Diversity in pathways to common childhood disruptive behavior disorders

Michelle M. Martel, Molly Nikolas, Katherine Jernigan, Karen Friderici, Joel T. Nigg

Research output: Contribution to journalArticlepeer-review

26 Scopus citations


Oppositional-Defiant Disorder (ODD) and Attention-Deficit/Hyperactivity Disorder (ADHD) are highly comorbid, a phenomenon thought to be due to shared etiological factors and mechanisms. Little work has attempted to chart multiple-level-of-analysis pathways (i.e.; simultaneously including biological, environmental, and trait influences) to ODD and ADHD, the goal of the present investigation. 559 children/adolescents (325 boys) between the ages of 6 and 18 participated in a multi-stage, comprehensive diagnostic procedure. 148 were classified as ODD; 309 were classified as ADHD, based on parent, teacher, and clinician ratings. Children provided buccal or salivary samples of DNA, assayed for select markers in DRD4 and 5HTT. Parents completed the Alabama Parenting Questionnaire and the California Q-Sort. Children completed the Child Perception of Interparental Conflict Scale. Correlational associations consistent with multiple-level-of-analysis pathways to ODD and ADHD emerged. For ODD, children with the short allele of the 5HTT promoter polymorphism had higher neuroticism and ODD symptoms regardless of level of self-blame in relation to inter-parental conflict, whereas children without this allele had more ODD symptoms only in the context of more self-blame for inter-parental conflict. For ADHD (and ODD), children homozygous for the long allele of DRD4 120 bp insertion polymorphism had lower conscientiousness when exposed to inconsistent parenting, whereas children without this genotype were more resilient to effects of inconsistent discipline on conscientiousness. Thus, ODD and ADHD appear to demonstrate somewhat distinct correlational associations between etiological factors and mechanisms consistent with pathway models using a multiple-level-of-analysis approach.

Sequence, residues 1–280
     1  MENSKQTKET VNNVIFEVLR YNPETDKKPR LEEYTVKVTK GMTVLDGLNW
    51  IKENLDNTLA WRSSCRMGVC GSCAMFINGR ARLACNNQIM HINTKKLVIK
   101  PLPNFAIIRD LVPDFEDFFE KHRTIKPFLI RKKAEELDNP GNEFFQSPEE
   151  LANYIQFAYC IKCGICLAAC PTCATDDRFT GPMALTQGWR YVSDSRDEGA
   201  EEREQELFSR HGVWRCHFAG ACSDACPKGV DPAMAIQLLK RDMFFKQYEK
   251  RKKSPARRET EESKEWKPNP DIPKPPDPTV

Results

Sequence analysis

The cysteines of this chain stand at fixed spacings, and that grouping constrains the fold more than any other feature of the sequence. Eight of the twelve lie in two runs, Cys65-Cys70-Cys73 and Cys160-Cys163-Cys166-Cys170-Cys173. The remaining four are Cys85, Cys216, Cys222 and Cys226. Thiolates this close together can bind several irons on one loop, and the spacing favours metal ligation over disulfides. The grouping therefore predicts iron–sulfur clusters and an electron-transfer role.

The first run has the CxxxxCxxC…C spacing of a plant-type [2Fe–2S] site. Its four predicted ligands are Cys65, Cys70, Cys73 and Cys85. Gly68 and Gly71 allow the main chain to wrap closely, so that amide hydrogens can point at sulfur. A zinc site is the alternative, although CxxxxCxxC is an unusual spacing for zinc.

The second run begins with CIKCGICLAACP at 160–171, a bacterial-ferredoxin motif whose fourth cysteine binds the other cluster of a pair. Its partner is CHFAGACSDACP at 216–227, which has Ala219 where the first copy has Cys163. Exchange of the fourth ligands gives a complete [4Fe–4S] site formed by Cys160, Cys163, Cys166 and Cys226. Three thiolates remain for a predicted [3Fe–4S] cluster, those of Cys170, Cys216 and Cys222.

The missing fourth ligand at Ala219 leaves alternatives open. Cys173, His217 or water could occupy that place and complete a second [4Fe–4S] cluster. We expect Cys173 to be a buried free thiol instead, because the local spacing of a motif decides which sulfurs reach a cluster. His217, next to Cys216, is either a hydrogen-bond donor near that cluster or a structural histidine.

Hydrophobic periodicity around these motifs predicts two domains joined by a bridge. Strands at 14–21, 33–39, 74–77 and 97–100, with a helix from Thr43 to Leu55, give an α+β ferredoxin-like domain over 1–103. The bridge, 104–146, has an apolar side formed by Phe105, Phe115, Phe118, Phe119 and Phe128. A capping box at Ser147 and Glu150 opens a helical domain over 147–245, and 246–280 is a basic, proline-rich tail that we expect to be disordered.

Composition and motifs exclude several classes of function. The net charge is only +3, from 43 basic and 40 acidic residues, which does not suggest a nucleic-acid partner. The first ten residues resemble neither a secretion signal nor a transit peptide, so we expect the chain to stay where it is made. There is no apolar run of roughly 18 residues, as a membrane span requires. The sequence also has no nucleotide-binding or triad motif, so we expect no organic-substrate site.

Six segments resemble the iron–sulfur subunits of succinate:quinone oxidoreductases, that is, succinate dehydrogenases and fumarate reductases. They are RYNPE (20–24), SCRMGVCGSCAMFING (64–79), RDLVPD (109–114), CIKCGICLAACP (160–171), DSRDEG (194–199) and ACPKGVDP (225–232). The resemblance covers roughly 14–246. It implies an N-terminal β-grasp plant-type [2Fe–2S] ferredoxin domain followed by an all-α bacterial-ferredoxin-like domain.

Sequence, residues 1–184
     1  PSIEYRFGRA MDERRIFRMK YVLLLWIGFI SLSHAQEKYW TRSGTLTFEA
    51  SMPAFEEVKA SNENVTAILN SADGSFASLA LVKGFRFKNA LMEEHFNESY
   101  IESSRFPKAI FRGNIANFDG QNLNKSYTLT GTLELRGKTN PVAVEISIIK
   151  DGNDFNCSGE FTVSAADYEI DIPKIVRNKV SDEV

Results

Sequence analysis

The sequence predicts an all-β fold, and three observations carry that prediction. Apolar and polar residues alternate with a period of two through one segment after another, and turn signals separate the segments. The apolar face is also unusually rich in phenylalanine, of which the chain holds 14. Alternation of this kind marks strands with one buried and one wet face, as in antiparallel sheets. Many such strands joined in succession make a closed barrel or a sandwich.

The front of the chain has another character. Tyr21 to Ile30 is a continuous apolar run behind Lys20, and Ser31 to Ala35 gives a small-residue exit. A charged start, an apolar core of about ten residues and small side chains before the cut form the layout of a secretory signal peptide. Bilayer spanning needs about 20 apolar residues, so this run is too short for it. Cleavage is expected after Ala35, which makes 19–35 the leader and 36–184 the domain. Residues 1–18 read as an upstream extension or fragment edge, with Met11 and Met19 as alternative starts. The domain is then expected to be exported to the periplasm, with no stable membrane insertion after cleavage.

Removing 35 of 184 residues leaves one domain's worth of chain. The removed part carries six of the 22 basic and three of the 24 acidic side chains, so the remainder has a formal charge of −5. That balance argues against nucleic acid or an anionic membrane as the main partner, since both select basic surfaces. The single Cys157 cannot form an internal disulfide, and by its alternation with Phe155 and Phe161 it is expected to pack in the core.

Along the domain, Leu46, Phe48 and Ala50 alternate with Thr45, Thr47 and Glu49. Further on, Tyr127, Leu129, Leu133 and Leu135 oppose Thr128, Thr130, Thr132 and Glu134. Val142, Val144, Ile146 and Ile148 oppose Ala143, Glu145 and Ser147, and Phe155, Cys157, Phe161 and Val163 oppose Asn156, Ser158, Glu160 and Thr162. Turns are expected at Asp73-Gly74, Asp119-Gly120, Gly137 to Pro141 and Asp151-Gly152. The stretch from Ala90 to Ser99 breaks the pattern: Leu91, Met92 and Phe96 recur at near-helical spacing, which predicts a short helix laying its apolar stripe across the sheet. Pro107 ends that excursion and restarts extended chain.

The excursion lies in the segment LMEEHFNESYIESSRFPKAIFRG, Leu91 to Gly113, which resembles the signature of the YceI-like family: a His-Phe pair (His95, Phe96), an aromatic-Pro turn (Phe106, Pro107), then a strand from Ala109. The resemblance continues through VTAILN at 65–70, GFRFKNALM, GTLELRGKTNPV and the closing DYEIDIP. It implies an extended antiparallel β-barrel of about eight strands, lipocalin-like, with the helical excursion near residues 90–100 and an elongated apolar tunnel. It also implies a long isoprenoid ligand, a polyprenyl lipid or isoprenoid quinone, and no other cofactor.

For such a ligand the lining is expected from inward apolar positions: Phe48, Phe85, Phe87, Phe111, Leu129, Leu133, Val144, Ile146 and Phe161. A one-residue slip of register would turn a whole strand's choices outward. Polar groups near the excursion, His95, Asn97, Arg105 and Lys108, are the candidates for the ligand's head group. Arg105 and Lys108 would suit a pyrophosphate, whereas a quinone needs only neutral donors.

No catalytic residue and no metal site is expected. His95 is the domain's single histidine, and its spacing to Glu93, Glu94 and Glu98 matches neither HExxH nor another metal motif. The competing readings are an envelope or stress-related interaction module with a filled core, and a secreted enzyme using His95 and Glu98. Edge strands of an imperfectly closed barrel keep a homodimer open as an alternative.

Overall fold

Original languageEnglish
Pages (from-to)1223-1236
Number of pages14
JournalJournal of Abnormal Child Psychology
Issue number8
StatePublished - Nov 2012

Bibliographical note

Funding Information:
Acknowledgements This research was supported by NIH National Institute of Mental Health Grants R01-MH63146, MH59105-06, and MH070004-01. We are indebted to the families and staff who made this study possible.


  • ADHD
  • Disruptive behavior disorders
  • Gene by environment interaction
  • Mediation
  • ODD

ASJC Scopus subject areas

  • Developmental and Educational Psychology
  • Psychiatry and Mental health


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